Rome Travel Guide

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Friday, May 27, 2011

RST Top 40: #4: Campo de' Fiori at Sunrise

market stalls opening up in the Campo
Campo de’ Fiori, in the heart of old Rome, has a storied history but we are ambivalent about its present.

The large piazza is named after the meadow of flowers that once occupied the land there, now replaced with an equally colorful, bustling market place much of the day. At night, it is a lightning rod for drunken young people of all nationalities, and a scourge of much of the neighborhood.

Still, how can one not be seduced by a piazza where a church heretic was burned at the stake (see our earlier post on Giordano Bruno - and the interesting comment to that post)? Where the cry for Italy’s independence was most heartfelt (think Tahrir Square)? Where Romans once built theaters?

bread coming out of the ovens at 5 a.m.
For us, the magic of Campo de' Fiori was restored when we scootered into it one weekday morning at 5 a.m. – to watch the market stalls being set up, the bakery bread being readied for the ovens. One could see, smell and feel the authenticity of a true market square.

And so, Campo de’ Fiori – at 5 a.m. anyway – makes our Rome the Second Time’s Top 40 at #4.

Dianne

PS – see also the University of Washington Rome Center’s lovely view over the piazza to St. Peter's in our post, Campo di UW.

2 comments:

Marilyn said...

The great Nobel Laureate poet Czeslaw Milosz wrote a great poem in 1943 entitled "Campo dei Fiori," juxtaposed against the burning of the Warsaw Ghetto. Here it is translated from the Polish.

Campo dei Fiori

By Czeslaw Milosz 1911–2004

Translated By Louis Iribarne and David Brooks

In Rome on the Campo dei Fiori
baskets of olives and lemons,
cobbles spattered with wine
and the wreckage of flowers.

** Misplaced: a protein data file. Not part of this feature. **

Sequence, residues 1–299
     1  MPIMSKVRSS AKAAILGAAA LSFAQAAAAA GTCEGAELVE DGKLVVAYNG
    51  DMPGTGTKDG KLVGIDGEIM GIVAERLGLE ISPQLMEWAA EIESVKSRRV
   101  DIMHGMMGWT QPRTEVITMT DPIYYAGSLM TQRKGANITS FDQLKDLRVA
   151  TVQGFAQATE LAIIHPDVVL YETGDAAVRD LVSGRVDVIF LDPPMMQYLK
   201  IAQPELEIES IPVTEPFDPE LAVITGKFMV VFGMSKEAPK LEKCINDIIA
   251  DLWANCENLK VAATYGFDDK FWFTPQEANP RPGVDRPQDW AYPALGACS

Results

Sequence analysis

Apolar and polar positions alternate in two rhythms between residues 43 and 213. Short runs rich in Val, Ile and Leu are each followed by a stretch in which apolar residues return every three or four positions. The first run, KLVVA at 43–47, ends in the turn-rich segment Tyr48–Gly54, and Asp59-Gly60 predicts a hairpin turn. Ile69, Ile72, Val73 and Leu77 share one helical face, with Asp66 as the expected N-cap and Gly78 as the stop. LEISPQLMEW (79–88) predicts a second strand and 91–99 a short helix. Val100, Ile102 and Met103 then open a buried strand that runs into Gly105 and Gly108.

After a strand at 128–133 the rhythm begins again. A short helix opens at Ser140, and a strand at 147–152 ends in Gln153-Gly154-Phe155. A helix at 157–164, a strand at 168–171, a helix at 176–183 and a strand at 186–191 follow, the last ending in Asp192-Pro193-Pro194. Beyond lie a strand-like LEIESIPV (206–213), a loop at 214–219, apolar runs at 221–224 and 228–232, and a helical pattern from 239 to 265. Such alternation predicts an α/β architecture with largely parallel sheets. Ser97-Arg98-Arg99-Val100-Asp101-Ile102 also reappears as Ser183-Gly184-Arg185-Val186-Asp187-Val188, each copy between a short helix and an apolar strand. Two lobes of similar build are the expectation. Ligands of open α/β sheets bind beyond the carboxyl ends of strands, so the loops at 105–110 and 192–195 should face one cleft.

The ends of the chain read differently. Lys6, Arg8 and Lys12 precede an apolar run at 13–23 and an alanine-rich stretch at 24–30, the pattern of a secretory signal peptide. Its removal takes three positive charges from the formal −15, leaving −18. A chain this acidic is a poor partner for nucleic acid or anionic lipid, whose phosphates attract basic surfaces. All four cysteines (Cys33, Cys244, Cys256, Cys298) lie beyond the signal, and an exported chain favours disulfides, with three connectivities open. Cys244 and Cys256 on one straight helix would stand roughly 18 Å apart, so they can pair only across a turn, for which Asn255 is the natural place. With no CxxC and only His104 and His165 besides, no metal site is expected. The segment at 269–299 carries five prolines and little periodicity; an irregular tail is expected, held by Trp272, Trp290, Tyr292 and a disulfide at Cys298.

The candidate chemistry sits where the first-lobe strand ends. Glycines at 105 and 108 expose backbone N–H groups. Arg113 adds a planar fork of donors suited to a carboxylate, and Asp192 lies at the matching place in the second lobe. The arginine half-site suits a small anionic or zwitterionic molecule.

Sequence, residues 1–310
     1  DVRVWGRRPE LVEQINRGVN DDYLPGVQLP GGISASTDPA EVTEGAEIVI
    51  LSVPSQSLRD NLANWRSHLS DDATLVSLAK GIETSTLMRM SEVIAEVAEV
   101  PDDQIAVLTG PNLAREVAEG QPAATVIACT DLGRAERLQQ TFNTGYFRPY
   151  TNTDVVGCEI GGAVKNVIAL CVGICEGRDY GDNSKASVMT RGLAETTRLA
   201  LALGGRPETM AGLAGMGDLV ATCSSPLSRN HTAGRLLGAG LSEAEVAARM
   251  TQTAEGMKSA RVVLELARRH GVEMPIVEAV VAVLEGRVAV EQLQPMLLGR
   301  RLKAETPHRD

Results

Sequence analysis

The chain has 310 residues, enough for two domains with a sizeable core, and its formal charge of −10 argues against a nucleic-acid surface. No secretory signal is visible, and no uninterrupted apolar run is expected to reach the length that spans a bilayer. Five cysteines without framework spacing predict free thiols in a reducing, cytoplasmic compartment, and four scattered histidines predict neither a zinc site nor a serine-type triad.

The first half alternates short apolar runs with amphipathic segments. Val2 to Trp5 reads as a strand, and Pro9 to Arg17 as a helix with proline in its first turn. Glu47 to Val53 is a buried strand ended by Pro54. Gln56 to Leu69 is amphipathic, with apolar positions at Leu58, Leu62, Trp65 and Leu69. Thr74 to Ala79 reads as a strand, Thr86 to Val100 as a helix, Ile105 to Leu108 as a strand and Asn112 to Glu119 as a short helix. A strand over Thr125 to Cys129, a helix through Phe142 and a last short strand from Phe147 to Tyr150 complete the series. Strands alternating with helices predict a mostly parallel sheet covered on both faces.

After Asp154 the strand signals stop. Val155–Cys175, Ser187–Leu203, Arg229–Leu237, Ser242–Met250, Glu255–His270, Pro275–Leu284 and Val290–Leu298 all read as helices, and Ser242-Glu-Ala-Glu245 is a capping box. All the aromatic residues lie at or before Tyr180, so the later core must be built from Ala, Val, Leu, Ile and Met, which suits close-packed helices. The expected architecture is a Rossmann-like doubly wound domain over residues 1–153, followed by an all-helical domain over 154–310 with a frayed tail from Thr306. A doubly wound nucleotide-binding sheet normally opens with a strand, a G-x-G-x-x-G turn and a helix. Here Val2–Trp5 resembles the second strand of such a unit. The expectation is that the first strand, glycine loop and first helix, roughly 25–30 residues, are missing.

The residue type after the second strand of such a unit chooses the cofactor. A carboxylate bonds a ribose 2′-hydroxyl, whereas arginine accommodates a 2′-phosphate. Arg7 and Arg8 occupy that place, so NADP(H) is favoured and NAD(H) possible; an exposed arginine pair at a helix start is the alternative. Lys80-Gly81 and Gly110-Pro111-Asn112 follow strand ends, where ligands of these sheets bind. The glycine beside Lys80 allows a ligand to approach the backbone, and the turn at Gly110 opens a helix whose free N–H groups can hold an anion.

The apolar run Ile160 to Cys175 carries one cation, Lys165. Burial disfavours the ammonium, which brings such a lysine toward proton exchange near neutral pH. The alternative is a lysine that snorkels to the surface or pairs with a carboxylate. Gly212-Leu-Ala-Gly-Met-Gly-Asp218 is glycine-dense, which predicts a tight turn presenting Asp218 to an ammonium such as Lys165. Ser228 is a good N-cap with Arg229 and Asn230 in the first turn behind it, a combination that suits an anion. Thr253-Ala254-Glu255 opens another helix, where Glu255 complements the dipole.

Vendors cover the trestles
with rose-pink fish;
armfuls of dark grapes
heaped on peach-down.

On this same square
they burned Giordano Bruno.
Henchmen kindled the pyre
close-pressed by the mob.
Before the flames had died
the taverns were full again,
baskets of olives and lemons
again on the vendors' shoulders.

I thought of the Campo dei Fiori
in Warsaw by the sky-carousel
one clear spring evening
to the strains of a carnival tune.
The bright melody drowned
the salvos from the ghetto wall,
and couples were flying
high in the cloudless sky.

At times wind from the burning
would drift dark kites along
and riders on the carousel
caught petals in midair.
That same hot wind
blew open the skirts of the girls
and the crowds were laughing
on that beautiful Warsaw Sunday.

Someone will read as moral
that the people of Rome or Warsaw
haggle, laugh, make love
as they pass by the martyrs' pyres.
Someone else will read
of the passing of things human,
of the oblivion
born before the flames have died.

But that day I thought only
of the loneliness of the dying,
of how, when Giordano
climbed to his burning
he could not find
in any human tongue
words for mankind,
mankind who live on.

Already they were back at their wine
or peddled their white starfish,
baskets of olives and lemons
they had shouldered to the fair,
and he already distanced
as if centuries had passed
while they paused just a moment
for his flying in the fire.

Those dying here, the lonely
forgotten by the world,
our tongue becomes for them
the language of an ancient planet.
Until, when all is legend
and many years have passed,
on a new Campo dei Fiori
rage will kindle at a poet's word.


Warsaw, 1943

Max said...

Enjoyed the photo. The Campo dei Fiori is our little slice of heaven and not being there is a lingering heartache. Early sunday morning with the sun rising as you face Bruno is perhaps the only quiet time that exixts in the Campo. Not for farm fed visitors.